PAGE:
WASHINGTON – President Barack Obama is leading his Democratic allies in an all-out campaign to win over wavering lawmakers ahead of a cliffhanger Sunday vote on his historic health care overhaul.
A day after postponing a planned trip to Asia to June so he could make 11th-hour personal appeals by telephone and in person to tip the balance in his favor in the make-or-break House of Representatives test, Obama was Friday heading to nearby Virginia in an election rally-style push for reform.
White House spokesman Robert Gibbs said the president had spoken to more than three dozen lawmakers since Monday on a hunt for the 216 votes that ensure passage.
"We greatly regret the delay," Gibbs told reporters of the postponed visit to Australia and Indonesia, but "passage of health insurance reform is of paramount importance and the president is determined to see this battle through."
The bill aims to extend coverage to 32 million Americans who now have none, bringing the world's richest country closer than ever to guaranteeing health insurance for all of its citizens, with 95 percent of Americans covered.
Democratic Senator Max Baucus, chairman of the Senate Finance Committee, praised Obama's ability to win over support for his top domestic priority, telling reporters: "His personal presence helps."
The Democratic plan calls for the House to approve the Senate's version of the legislation as early as Sunday, followed by both chambers approving a set of "fixes" to make the bill more to the House's liking.
"We feel very strong about where we are," said Democratic House Speaker Nancy Pelosi, a major force behind the 10-year plan, but "every vote around here is a heavy lift."
Pelosi was working to rally liberal Democrats, who view the bill as too timid, and conservative Democrats who fear the price to pay in November mid-term elections for passing a measure many in their districts see as overambitious.
In a boost for Democrats, the powerful AFL-CIO labor federation declared its "strong, active support" for the bill despite reservations about some of its contents.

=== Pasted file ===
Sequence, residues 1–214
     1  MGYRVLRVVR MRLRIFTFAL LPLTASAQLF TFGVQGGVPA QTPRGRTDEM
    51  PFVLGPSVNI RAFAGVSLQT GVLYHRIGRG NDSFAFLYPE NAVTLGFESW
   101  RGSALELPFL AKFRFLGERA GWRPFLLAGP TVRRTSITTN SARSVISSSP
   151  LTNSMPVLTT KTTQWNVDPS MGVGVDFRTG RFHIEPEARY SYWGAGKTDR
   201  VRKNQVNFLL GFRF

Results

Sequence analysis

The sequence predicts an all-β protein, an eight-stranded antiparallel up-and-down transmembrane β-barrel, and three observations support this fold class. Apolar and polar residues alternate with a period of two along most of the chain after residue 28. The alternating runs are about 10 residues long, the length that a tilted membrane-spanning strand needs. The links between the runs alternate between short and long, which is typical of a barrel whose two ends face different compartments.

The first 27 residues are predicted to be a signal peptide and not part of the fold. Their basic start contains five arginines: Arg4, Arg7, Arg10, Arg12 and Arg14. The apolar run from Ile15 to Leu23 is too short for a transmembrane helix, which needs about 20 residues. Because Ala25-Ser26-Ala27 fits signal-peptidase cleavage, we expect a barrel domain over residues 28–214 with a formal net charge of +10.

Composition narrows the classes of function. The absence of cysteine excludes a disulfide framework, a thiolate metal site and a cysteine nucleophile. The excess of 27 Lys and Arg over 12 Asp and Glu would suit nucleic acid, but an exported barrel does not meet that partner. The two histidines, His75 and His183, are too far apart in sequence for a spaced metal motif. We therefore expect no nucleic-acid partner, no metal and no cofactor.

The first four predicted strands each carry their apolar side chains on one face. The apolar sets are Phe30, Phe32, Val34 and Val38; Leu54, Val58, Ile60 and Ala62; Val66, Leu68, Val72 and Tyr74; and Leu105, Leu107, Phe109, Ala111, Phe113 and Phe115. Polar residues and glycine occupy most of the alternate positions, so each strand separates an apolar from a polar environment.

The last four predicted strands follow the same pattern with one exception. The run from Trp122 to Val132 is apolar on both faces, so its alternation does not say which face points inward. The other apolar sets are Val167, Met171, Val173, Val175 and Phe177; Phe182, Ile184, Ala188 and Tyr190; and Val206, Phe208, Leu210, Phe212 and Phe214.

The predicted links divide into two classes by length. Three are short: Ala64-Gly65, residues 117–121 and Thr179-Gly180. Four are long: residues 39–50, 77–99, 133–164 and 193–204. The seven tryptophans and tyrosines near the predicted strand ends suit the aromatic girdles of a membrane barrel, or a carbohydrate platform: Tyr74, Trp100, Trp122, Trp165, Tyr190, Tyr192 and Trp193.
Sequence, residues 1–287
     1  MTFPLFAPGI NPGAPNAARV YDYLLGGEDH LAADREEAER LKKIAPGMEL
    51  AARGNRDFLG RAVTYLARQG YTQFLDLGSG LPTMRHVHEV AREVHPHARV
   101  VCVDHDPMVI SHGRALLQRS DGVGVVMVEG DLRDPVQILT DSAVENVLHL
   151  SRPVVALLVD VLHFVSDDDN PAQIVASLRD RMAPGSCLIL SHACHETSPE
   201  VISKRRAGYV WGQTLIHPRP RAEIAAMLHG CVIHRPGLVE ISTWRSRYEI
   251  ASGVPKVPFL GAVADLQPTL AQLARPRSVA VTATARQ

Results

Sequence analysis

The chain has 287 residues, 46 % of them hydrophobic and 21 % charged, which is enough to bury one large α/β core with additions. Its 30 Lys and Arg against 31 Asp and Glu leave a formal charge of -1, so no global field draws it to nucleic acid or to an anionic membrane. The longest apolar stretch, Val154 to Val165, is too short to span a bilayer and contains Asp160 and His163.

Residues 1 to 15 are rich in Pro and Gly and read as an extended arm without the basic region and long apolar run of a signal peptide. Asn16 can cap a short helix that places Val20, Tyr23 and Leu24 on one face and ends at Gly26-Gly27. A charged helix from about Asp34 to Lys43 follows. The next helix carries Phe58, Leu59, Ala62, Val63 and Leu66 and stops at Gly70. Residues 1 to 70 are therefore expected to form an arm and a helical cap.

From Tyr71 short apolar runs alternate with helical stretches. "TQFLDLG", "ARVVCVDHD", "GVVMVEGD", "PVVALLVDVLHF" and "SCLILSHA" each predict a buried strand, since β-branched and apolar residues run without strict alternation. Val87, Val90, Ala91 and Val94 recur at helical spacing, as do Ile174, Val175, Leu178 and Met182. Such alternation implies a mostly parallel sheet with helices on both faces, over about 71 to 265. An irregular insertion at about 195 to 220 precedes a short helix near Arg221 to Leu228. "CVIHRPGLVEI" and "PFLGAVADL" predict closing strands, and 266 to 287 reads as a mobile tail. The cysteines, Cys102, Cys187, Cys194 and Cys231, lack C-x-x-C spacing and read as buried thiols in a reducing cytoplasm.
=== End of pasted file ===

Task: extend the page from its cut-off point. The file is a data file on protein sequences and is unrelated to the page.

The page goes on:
"We are convinced that now is the time to say "'Yes'," it said.
But the president's Republican foes in Congress vowed to make every effort to derail what they called a costly and dangerous proposal that would see taxes rise.
"We're going to continue to work closely together to do everything that we can do to make sure that this bill never, ever, ever passes," said Republican House Minority Leader John Boehner.
Obama led Democrats in brandishing fresh figures from the Congressional Budget Office showing the bill would cut the US budget deficit by 138 billion dollars to 2019 and 1.2 trillion dollars the following decade.
"This is but one virtue of a reform that will bring the accountability to the insurance industry and greater economic security to all Americans," said Obama, who hoped the figures would win over deficit-minded centrist Democrats.
The Congressional Budget Office, an independent body, said the plan would cost 940 billion dollars over 10 years, roughly matching Obama's self-imposed trillion-dollar price tag, and would extend the solvency of the hugely popular government-run Medicare program for the elderly.
The bill, which would enact the most sweeping overhaul of US health care in four decades, aims to end abusive insurance-company practices and curb soaring health care costs that already run double those of other rich countries.
It would create new insurance marketplaces starting in 2014 and require most Americans to carry insurance, while offering subsidies to many.
Some of its most popular measures include bans on insurers denying coverage because of pre-existing illnesses, on insurers imposing lifetime caps on coverage and on insurers dropping people from coverage when they get sick.
© AFP 2014